The 10 Commandments For Working a Mixer
Leave out any of these strategies, and your networking is just a waste of
By Ivan Misner
Do you suffer from "butterfly-itis" at the very mention of networking at
business functions? If you answered yes, you are not alone. Many
entrepreneurs get a bit uncomfortable when it comes right down to walking up
to someone and starting a conversation. Many others are concerned about
getting effective results from the time they spend networking.
The process doesn't have to be traumatic, scary or a waste of time. When
done properly, it can truly make a difference in the amount of business your
company generates. With the right approach, you can use it to build a wealth
of resources and contacts that will help make your business very successful.
Use the following ten commandments to help you network your way through your
next business networking event:
1. Have the tools to network with you at all times. These include an
informative name badge, business cards, brochures about your business, and a
pocket-sized business card file containing cards of other professionals to
whom you can refer new business.
2. Set a goal for the number of people you'll meet. Identify a
reachable goal based on attendance and the type of group. If you feel
inspired, set a goal to meet 15 to 20 people, and make sure you get all
their cards. If you don't feel so hot, shoot for less. In either case, don't
leave until you've met your goal.
3. Act like a host, not a guest. A host is expected to do things for
others, while a guest sits back and relaxes. Volunteer to help greet people.
If you see visitors sitting, introduce yourself and ask if they would like
to meet others. Act as a conduit.
4. Listen and ask questions. Remember that a good networker has two
ears and one mouth and uses them proportionately. After you've learned what
another person does, tell them what you do. Be specific but brief. Don't
assume they know your business.
5. Don't try to close a deal. These events are not meant to be a
vehicle to hit on businesspeople to buy your products or services.
Networking is about developing relationships with other professionals.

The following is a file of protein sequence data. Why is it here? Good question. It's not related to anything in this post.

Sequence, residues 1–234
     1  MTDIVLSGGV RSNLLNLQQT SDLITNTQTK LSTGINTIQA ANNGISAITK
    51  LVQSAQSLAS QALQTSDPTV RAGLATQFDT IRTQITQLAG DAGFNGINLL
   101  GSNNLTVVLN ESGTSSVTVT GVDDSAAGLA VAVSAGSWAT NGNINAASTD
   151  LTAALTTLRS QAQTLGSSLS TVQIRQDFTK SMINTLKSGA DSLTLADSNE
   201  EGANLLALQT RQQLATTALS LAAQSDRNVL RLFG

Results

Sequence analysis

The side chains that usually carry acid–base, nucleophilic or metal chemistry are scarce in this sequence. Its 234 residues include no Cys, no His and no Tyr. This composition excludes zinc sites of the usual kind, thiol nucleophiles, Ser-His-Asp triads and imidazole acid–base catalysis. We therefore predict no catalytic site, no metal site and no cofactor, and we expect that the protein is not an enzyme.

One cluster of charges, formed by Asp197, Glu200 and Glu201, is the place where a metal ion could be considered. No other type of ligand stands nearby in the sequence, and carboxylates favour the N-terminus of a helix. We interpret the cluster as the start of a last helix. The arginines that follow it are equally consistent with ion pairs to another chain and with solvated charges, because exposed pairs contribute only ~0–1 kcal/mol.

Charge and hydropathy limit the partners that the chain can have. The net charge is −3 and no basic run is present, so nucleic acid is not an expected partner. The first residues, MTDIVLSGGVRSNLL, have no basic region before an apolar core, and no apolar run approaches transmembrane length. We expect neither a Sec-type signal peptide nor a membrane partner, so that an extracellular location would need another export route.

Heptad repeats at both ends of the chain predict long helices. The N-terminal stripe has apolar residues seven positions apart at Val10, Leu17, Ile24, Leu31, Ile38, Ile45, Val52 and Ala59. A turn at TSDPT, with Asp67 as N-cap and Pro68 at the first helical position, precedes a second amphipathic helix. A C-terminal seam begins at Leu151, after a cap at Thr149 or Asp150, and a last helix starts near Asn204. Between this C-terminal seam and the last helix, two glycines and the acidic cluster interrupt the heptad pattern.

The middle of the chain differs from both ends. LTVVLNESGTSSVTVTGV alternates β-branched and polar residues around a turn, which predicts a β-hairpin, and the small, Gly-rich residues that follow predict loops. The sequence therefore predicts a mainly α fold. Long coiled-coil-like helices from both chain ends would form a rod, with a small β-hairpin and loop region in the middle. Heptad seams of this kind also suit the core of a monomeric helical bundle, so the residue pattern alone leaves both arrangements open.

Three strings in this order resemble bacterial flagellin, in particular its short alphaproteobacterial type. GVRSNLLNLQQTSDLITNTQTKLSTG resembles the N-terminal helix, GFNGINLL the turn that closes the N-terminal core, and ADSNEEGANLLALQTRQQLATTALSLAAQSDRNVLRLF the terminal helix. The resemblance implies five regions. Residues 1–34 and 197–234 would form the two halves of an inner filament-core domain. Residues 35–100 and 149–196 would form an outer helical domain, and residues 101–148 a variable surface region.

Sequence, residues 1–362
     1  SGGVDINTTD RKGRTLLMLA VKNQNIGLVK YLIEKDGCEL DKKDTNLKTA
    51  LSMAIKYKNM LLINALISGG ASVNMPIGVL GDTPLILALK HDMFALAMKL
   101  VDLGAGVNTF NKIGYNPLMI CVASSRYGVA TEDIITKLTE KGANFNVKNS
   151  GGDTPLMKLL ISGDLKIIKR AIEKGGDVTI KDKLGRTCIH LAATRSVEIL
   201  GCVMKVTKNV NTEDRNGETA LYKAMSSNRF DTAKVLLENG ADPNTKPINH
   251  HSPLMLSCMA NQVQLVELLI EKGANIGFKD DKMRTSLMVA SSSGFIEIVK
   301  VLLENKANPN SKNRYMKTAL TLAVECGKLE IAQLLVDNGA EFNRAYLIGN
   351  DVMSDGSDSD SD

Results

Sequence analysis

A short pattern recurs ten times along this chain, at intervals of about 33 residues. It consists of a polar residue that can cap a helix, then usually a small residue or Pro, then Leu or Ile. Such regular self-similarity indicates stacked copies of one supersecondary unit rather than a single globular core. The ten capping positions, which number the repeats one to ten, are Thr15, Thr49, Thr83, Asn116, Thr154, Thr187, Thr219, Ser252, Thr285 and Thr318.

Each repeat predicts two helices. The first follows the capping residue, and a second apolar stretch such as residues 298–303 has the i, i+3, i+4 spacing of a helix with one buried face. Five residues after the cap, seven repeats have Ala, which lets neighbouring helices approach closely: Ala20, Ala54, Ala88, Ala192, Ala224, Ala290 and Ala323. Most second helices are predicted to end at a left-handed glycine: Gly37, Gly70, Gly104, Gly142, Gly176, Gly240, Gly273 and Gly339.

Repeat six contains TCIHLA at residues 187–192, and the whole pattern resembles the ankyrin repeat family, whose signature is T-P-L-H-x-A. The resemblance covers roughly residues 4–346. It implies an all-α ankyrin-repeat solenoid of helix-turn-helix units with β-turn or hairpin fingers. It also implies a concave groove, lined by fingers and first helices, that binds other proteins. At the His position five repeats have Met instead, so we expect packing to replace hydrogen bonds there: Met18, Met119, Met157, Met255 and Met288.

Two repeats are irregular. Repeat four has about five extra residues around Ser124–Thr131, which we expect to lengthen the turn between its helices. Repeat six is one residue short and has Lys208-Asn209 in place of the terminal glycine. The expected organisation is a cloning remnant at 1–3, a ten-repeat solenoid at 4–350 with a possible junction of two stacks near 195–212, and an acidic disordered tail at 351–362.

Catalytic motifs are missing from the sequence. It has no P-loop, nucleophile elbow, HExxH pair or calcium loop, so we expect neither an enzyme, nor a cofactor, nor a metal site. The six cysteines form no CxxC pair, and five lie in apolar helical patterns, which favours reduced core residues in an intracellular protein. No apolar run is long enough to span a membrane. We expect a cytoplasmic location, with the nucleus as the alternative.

Meeting people at events should be the beginning of that process, not the
end of it.
6. Give referrals whenever possible. The best networkers believe in
the "givers gain" philosophy (what goes around comes around). If I help you,
you'll help me and we'll both do better as a result of it. In other words,
if you don't genuinely attempt to help the people you meet, then you are not
networking effectively. If you can't give someone a bona fide referral, try
to offer some information that might be of interest to them (such as details
about an upcoming event).
7. Exchange business cards. Ask each person you meet for two
cards-one to pass on to someone else and one to keep. This sets the stage
for networking to happen.
8. Manage your time efficiently. Spend 10 minutes or less with each
person you meet, and don't linger with friends or associates. If your goal
is to meet a given number of people, be careful not to spend too much time
with any one person. When you meet someone interesting with whom you'd like
to speak further, set up an appointment for a later date.
9. Write notes on the backs of business cards you collect. Record
anything you think may be useful in remembering each person more clearly.
This will come in handy when you follow up on each contact.
10. Follow up! You can obey the previous nine commandments
religiously, but if you don't follow up effectively, you will have wasted
your time. Drop a note or give a call to each person you've met. Be sure to
fulfill any promises you've made.
About the Author:
Called the "Father of Modern Networking" by CNN and the "Networking Guru" by
Entrepreneur magazine, Dr. Misner is considered one of the world's leading
experts on business networking and has been a keynote speaker for major
corporations and associations throughout the world. He has been featured in
the L.A. Times, Wall Street Journal, and New York Times, as well as numerous
TV and radio shows including CNN, CNBC, and the BBC in London.